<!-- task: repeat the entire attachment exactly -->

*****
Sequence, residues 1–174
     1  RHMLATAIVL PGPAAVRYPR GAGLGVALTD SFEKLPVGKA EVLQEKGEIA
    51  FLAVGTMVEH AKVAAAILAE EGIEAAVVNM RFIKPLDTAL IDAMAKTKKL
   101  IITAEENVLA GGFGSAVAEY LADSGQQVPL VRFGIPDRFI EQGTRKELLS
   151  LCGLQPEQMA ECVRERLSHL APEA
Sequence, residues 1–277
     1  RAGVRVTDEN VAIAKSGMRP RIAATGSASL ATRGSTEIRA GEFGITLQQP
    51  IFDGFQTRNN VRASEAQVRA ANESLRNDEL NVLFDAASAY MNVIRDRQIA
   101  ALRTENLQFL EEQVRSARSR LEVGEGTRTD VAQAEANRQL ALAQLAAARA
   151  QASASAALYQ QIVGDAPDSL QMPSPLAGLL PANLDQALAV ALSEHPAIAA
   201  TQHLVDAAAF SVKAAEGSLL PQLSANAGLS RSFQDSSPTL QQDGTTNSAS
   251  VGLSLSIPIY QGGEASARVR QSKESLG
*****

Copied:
Sequence, residues 1–174
     1  RHMLATAIVL PGPAAVRYPR GAGLGVALTD SFEKLPVGKA EVLQEKGEIA
    51  FLAVGTMVEH AKVAAAILAE EGIEAAVVNM RFIKPLDTAL IDAMAKTKKL
   101  IITAEENVLA GGFGSAVAEY LADSGQQVPL VRFGIPDRFI EQGTRKELLS
   151  LCGLQPEQMA ECVRERLSHL APEA
Sequence, residues 1–277
     1  RAGVRVTDEN VAIAKSGMRP RIAATGSASL ATRGSTEIRA GEFGITLQQP
    51  IFDGFQTRNN VRASEAQVRA ANESLRNDEL NVLFDAASAY MNVIRDRQIA
   101  ALRTENLQFL EEQVRSARSR LEVGEGTRTD VAQAEANRQL ALAQLAAARA
   151  QASASAALYQ QIVGDAPDSL QMPSPLAGLL PANLDQALAV ALSEHPAIAA
   201  TQHLVDAAAF SVKAAEGSLL PQLSANAGLS RSFQDSSPTL QQDGTTNSAS
   251  VGLSLSIPIY QGGEASARVR QSKESLG